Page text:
“Sometimes we have to do a thing in order to find out the reason for it. Sometimes our actions are questions, not answers.”

Brown Baggers Book Club met virtually on Thursday, September 16 to discuss A Perfect Spy by John Le Carré. Le Carré passed away on December 12, 2020, right before our annual potluck selection meeting, sparking interest among our members to read one of his famous espionage novels. Le Carré worked for both the Secret Service and the Secret Intelligence Service in the 1950s and 60s, hence the pen name (Foreign Office officers were not allowed to publish under their own names). A Perfect Spy draws heavily from his life as a professional spy and as half of a troubled duad — the main character’s relationship with his father is based on Le Carré’s relationship with his own father, who was a con man “of little education, immense charm, extravagant tastes, but no social values” (LitLovers). 

Sounds interesting, right? Especially when it has come to be known as Le Carré’s “masterpiece.” So how did our readers respond? Put quite frankly, we had our fair share of halfhearted shrugs; readers were often “waiting for something to happen.” They found the writing flat, lifeless, convoluted, and arduous. The experience was like driving through fog; every few pages the fog would clear, and the book would move quickly, but then it would quickly bog down again. Most people found the novel a little slower than anticipated, but one reader held nothing back as he gave his impression: finishing the book, he felt he was “worshipping at the altar of masochism.”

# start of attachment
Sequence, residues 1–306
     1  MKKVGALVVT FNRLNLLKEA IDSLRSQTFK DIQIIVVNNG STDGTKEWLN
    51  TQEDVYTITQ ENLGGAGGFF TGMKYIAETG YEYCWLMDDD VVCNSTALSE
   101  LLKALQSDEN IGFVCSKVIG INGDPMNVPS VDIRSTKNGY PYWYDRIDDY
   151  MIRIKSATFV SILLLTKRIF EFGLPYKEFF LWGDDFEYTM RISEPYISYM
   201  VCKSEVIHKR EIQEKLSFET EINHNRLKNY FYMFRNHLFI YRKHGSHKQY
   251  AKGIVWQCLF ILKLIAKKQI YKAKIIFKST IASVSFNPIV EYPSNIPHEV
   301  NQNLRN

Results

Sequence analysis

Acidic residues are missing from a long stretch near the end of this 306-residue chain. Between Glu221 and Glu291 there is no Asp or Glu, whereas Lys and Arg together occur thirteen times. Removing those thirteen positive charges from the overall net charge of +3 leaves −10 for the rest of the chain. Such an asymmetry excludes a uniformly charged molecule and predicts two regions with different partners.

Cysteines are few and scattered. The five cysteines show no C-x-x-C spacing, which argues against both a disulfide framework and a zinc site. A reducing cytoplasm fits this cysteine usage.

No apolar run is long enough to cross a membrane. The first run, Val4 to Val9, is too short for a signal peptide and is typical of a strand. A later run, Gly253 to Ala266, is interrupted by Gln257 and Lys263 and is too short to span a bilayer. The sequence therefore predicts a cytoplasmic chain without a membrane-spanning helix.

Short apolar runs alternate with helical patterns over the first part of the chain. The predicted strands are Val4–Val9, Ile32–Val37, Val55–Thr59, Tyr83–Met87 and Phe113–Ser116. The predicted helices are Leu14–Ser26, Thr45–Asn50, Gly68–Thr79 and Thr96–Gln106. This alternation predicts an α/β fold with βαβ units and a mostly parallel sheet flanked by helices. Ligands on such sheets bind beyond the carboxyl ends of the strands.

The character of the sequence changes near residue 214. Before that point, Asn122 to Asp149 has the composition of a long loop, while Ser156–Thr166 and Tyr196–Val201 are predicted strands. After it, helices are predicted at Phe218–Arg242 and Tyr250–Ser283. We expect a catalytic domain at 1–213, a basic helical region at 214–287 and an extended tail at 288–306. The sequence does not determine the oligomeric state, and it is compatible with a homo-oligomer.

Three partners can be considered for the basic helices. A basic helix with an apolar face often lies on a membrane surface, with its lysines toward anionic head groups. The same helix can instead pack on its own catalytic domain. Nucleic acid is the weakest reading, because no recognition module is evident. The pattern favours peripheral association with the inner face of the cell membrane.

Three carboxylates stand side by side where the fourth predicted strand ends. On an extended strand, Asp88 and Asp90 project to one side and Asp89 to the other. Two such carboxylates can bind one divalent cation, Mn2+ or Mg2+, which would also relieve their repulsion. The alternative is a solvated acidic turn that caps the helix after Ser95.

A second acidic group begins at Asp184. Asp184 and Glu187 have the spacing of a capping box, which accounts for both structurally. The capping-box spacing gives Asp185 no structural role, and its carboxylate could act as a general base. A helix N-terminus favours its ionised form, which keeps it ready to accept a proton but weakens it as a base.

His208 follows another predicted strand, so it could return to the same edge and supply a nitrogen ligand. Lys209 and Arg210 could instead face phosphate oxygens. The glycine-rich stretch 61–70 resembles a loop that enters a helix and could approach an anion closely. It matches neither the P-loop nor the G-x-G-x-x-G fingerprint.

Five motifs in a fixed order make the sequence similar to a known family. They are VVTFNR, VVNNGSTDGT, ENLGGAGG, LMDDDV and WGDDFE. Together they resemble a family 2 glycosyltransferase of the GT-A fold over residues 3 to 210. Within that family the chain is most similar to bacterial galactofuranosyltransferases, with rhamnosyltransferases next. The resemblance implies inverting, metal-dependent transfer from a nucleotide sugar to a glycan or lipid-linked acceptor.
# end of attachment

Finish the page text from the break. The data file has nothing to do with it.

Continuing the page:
Was there anything to be had here? Yes! Some readers (albeit a very slim minority) stated the novel was excellent (but they too had a bone to pick — the novel being too depressing). Others appreciated that part of the journey of reading a spy novel is the process of deciphering and organizing code names and true alliances. Related, we had readers who enjoyed the trickery, secrecy, and “trappings of spydom.” 

There was also the character study of the lead, Magnus, and his father. Readers described the father as a “despicable and interesting” character. The two love each other, but the father ultimately destroys the son, creating him to be the “perfect spy” (a euphemism for soul-selling). We had interesting conversations about love and loyalty which harkened back to the classic games of morality: would you let a bus filled with children (all strangers) die to save your family? Is any one person worth more than another? Do some of us have an obligation to be selfless and impartial that others of us do not share? And how does patriotism fit into all of this? Can an abstraction such as country, value, belief, or religion trump a human being? In summary, our readers found this one more intellectually interesting than exciting.